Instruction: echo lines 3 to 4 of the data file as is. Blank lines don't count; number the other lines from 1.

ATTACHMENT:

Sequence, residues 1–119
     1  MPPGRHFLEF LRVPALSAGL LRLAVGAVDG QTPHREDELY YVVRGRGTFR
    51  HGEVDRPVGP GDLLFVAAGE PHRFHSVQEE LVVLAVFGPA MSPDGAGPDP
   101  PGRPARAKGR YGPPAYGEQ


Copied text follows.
    51  HGEVDRPVGP GDLLFVAAGE PHRFHSVQEE LVVLAVFGPA MSPDGAGPDP
   101  PGRPARAKGR YGPPAYGEQ